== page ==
In this, my second Lent as a priest, I'm beginning to realize why self-denial is a critical part of the priestly life. You have to practice it in order to counteract the forces that conspire to make you selfish and arrogant.
As a religious who is not or not yet a priest, few people "get" who you are, and you are constantly explaining, often in vain, that you are a lay Catholic religious and not a priest, a Buddhist, or one of those martial artist monks from the movies. In one hectic morning it all changes and you are a Catholic priest and everyone knows--or think they know--what you are, friends and enemies alike.
In a lot of ways this becomes a spiritual hazard to the minority and humility that is sought in the consecrated religious life. As a priest you are often the center of attention. You are given the seat of honor at events. People old enough to be your grandparents address you by title. Since the ministry of priesthood is so diverse, you are bound to good at something at least, and are praised endlessly for it. You attract disciples who treat you with reverence. You become more appealing to the opposite sex because of your power and unavailability.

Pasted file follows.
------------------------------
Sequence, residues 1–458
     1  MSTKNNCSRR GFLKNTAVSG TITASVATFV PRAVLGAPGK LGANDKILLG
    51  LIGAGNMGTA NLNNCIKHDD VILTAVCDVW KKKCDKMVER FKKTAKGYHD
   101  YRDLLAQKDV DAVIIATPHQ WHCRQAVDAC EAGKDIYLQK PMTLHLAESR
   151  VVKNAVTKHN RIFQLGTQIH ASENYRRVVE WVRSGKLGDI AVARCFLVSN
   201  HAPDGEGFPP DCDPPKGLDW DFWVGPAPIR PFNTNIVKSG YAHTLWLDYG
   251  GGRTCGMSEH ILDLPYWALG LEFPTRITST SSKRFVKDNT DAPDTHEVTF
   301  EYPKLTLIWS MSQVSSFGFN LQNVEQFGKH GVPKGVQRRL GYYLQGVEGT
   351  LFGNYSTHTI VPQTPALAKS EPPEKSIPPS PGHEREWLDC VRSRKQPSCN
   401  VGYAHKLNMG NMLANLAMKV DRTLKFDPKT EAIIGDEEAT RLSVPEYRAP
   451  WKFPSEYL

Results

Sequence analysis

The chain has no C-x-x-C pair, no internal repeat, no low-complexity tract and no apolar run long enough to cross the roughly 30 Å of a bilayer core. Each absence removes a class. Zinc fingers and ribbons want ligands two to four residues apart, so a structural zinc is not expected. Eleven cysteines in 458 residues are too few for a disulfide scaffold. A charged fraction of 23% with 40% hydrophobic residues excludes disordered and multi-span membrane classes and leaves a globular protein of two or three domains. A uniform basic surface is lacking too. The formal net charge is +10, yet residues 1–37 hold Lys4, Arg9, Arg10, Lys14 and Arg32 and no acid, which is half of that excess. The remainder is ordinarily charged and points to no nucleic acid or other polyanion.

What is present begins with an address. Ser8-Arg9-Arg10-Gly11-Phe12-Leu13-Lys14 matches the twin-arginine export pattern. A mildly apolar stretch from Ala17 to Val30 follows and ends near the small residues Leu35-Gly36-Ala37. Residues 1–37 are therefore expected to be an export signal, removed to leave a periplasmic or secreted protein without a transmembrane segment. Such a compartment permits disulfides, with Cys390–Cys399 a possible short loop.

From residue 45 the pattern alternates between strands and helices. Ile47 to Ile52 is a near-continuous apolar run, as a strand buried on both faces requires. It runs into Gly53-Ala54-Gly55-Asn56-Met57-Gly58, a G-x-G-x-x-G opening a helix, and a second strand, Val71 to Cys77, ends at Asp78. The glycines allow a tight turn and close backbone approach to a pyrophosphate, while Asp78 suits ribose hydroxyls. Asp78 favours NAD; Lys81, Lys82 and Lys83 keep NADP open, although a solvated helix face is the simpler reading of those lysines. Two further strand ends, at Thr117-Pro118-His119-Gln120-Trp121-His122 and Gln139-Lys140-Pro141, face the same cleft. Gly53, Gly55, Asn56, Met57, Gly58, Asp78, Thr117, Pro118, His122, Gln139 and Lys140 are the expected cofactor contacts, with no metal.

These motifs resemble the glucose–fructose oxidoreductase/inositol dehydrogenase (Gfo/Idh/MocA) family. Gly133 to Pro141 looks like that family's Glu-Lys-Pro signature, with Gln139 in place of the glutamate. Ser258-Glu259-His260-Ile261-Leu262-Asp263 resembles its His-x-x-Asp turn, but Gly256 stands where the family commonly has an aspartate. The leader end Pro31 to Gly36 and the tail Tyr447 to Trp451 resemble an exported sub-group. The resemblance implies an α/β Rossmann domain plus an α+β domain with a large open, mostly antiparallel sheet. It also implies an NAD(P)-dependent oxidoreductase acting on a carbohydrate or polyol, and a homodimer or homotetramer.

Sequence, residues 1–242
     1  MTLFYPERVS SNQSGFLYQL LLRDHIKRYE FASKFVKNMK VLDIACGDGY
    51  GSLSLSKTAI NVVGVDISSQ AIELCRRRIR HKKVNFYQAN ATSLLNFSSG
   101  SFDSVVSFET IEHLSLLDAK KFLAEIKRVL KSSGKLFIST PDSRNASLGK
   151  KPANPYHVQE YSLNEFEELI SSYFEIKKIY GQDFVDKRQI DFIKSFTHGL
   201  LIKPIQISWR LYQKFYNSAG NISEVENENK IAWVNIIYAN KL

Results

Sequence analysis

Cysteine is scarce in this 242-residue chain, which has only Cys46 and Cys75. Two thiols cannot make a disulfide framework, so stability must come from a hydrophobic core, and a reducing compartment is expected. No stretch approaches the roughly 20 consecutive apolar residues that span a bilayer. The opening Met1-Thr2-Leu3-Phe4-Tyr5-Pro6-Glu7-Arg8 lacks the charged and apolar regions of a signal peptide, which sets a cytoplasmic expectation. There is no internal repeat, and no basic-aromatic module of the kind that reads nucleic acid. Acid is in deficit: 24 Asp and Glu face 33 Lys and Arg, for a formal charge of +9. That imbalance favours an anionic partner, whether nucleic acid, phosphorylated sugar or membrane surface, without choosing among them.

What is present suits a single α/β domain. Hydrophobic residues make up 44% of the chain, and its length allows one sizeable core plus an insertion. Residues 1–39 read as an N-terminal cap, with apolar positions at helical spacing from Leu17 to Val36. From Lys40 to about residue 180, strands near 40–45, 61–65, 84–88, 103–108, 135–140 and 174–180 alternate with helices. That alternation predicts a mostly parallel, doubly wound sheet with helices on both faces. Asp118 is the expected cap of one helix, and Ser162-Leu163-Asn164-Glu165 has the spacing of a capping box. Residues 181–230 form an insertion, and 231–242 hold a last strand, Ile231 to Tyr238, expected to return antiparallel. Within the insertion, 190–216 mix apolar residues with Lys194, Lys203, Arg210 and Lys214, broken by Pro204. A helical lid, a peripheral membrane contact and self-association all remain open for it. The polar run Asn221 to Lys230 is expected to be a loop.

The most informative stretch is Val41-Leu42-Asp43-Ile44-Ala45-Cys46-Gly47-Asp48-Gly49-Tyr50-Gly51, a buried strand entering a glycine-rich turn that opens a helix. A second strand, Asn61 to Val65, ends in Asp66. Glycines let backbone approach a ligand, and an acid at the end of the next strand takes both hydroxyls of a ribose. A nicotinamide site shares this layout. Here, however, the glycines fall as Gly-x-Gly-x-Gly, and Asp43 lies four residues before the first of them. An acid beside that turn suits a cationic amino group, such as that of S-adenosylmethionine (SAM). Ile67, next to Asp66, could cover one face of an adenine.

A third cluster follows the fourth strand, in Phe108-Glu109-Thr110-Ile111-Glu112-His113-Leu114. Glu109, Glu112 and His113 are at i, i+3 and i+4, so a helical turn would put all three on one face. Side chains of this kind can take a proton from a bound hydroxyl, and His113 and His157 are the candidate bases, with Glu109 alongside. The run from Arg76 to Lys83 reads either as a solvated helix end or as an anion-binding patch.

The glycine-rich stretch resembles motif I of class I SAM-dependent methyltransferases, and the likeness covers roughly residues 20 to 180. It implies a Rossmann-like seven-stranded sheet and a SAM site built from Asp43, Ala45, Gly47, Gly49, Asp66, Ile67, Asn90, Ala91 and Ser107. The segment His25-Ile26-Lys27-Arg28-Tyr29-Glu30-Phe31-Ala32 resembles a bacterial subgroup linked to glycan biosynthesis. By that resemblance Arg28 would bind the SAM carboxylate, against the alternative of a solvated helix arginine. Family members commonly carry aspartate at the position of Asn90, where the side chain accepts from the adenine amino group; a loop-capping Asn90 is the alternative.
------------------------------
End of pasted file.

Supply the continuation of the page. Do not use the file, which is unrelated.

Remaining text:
It's easy to let this "go to your head," and maybe that's what happens to priests who become self-centered and arrogant. Subtle signs illuminate the path to this spiritual death: You look forward to seeing your flatterers and, enjoying their comments, forget that it is those who insult you who are your real spiritual friends. Instead of asking people about their own lives, children, and folks who might be sick or struggling, you notice yourself turning conversations back to yourself as you grow accustomed to being the center of attention.
These sorts of things have to be fought with the utmost ascetic effort in order to prevent them from becoming habits. This is why plain, unglamorous, and elementary forms of self-denial over the course of a day are so important. They train the self not to concentrate on its own wants and whims and open the inner door to concern and focus on others.